East Asian Tigers Essay

2077 Words Nov 14th, 2006 9 Pages
Krista Bruns
SSC 141a
Assignment 3
British English

Can one tame a tiger?

- The extensive growth of South East Asian Economies -

Introduction

A tiger economy is a name given to a region or country which undergoes a heavy and fast economic growth. This usually also leads to rising living standards. This term was first applied to South Korea, Singapore, Hong Kong and Taiwan. Since the 1960's, these four countries are known as the East Asian Tigers. Later on more Tiger Economies emerged, but this essay will focus mainly on the first four. Even though the countries do not share their borders, together they can be considered as an economic region, for they share a lot of characteristic and they have gone to similar
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These activities take place in what is called the tertiary and quaternary economic sectors. Singapore and Hong Kong, for example, are gateways between the demanding Europe and the producing Third World countries. Furthermore, the Tiger economies produce high technological goods. An example of this is Samsung in South Korea. The agricultural sector is only a very small part of the Tigers' annual production, so agricultural goods often have to be imported. The East Asian Tigers mainly trade with the US and Europe, but also the mainland China plays an important role. They have a quite large trade surplus with these richer, Western countries which leads to a low valued currency and high saving rates. Almost all companies that have settled in these South East Asian countries are part of transnational corporations. They produce large scale yet specialized products.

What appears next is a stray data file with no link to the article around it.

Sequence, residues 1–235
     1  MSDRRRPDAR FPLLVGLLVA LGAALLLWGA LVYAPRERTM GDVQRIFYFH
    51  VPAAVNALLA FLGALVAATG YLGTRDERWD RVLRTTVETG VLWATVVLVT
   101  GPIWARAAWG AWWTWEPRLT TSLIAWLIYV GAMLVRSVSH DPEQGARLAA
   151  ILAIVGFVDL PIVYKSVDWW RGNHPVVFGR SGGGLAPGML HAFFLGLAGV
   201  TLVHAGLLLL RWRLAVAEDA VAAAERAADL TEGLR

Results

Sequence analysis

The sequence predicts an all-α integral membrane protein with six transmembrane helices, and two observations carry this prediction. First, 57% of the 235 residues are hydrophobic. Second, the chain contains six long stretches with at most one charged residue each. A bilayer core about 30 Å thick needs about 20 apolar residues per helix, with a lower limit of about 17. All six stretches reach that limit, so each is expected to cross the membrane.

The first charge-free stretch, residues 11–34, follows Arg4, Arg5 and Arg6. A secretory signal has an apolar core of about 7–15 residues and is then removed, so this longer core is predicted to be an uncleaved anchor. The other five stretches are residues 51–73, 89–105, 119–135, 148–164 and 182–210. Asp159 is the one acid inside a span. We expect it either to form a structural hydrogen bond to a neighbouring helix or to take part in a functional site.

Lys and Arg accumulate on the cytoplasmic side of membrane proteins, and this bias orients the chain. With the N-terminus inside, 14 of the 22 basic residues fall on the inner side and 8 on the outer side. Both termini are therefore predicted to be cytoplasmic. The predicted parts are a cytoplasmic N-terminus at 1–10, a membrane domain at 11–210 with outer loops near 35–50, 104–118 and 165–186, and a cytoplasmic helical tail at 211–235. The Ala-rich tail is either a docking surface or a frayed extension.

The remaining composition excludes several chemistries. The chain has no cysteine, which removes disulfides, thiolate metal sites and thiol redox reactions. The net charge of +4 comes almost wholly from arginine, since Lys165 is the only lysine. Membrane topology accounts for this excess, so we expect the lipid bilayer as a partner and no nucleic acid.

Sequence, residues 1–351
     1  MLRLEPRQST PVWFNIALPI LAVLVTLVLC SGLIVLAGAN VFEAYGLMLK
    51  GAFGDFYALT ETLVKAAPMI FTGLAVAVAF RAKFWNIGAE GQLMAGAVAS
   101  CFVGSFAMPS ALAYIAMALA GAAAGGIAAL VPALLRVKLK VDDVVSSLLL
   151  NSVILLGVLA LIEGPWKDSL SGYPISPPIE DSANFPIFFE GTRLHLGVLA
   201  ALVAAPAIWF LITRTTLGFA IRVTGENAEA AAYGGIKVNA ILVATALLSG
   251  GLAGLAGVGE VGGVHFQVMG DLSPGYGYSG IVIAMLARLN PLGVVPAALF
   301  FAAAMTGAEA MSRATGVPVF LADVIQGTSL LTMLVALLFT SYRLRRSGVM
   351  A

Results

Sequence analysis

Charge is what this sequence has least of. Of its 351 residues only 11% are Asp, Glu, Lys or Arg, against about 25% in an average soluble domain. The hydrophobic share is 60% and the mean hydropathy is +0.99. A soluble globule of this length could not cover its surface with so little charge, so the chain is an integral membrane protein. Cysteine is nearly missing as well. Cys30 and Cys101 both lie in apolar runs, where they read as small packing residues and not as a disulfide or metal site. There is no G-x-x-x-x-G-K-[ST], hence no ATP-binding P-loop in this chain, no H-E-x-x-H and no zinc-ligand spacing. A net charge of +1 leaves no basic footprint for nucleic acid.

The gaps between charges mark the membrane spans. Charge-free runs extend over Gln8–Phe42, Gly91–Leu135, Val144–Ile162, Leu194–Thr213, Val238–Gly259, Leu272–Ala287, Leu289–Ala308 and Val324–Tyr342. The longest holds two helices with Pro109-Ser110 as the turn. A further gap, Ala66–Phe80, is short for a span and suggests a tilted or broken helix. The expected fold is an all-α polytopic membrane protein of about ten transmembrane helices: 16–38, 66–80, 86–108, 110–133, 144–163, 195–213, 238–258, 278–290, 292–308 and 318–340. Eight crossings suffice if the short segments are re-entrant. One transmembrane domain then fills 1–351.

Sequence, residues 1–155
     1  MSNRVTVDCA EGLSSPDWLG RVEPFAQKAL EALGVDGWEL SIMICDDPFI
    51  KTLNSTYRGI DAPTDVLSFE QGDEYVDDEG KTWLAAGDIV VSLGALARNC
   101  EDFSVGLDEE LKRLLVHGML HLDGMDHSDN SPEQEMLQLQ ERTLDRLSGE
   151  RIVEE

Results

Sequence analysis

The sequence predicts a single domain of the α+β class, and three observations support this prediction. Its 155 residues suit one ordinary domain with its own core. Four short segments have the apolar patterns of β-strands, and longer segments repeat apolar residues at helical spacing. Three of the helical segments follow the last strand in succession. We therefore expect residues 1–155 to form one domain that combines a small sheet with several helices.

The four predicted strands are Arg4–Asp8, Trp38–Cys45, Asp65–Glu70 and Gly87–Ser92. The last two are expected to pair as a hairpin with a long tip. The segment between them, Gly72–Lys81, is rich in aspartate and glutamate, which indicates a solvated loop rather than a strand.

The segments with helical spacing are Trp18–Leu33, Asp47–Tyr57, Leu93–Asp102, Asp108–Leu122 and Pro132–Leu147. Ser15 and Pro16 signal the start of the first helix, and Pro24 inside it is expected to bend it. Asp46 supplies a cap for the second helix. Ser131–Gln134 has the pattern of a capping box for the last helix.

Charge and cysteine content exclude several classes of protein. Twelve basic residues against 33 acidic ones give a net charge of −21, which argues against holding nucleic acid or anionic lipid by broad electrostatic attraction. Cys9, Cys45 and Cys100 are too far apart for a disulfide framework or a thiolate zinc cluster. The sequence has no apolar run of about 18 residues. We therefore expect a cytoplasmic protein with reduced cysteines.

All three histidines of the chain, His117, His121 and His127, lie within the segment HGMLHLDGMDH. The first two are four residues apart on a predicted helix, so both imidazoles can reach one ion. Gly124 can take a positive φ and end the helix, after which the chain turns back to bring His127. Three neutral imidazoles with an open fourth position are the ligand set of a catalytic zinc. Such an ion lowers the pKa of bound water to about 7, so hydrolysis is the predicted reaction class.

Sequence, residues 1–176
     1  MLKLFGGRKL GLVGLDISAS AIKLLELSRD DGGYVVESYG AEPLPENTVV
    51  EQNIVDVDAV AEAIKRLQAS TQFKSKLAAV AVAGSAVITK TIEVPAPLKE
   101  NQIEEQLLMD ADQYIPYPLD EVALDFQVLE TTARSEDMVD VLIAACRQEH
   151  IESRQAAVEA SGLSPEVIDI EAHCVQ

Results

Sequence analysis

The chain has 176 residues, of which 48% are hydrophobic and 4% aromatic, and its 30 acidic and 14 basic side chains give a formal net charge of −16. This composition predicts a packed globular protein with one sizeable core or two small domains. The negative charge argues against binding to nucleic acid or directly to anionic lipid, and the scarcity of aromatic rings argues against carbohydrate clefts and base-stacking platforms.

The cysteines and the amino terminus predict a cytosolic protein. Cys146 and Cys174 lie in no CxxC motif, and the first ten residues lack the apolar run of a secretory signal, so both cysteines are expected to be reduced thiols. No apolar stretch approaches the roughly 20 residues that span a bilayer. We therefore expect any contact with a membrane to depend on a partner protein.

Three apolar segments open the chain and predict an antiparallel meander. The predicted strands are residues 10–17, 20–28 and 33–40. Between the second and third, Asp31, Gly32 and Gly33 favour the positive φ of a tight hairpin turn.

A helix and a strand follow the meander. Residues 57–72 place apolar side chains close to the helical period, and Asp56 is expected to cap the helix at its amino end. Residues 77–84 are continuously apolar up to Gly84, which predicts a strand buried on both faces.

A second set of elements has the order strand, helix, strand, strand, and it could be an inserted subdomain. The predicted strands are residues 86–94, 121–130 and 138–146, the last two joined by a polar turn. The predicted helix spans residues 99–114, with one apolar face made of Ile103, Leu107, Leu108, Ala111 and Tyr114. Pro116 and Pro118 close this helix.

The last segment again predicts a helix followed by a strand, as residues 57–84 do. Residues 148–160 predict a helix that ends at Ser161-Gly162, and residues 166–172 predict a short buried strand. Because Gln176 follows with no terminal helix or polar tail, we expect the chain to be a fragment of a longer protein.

In these two graphs about the situation in Taiwan and Korea can be seen that while working hours per person per week were decreasing, wages were rising the last couple of decades. This made it necessary for the Tigers to outsource their low-skilled labour in order to maintain competitive.
FDI

Since the first signs of growth were shown to the world, round the mid-1960's, East Asian and other Third World countries have increasingly become important destinations for Foreign Direct Investment. This FDI has played a great role in the development of the countries. However, scholars argue that some

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